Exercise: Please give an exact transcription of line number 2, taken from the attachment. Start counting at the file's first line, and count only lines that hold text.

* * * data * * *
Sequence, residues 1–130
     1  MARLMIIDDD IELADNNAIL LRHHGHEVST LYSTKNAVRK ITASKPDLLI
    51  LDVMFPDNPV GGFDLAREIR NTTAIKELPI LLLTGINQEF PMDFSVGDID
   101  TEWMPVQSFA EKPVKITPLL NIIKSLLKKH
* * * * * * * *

     1  MARLMIIDDD IELADNNAIL LRHHGHEVST LYSTKNAVRK ITASKPDLLI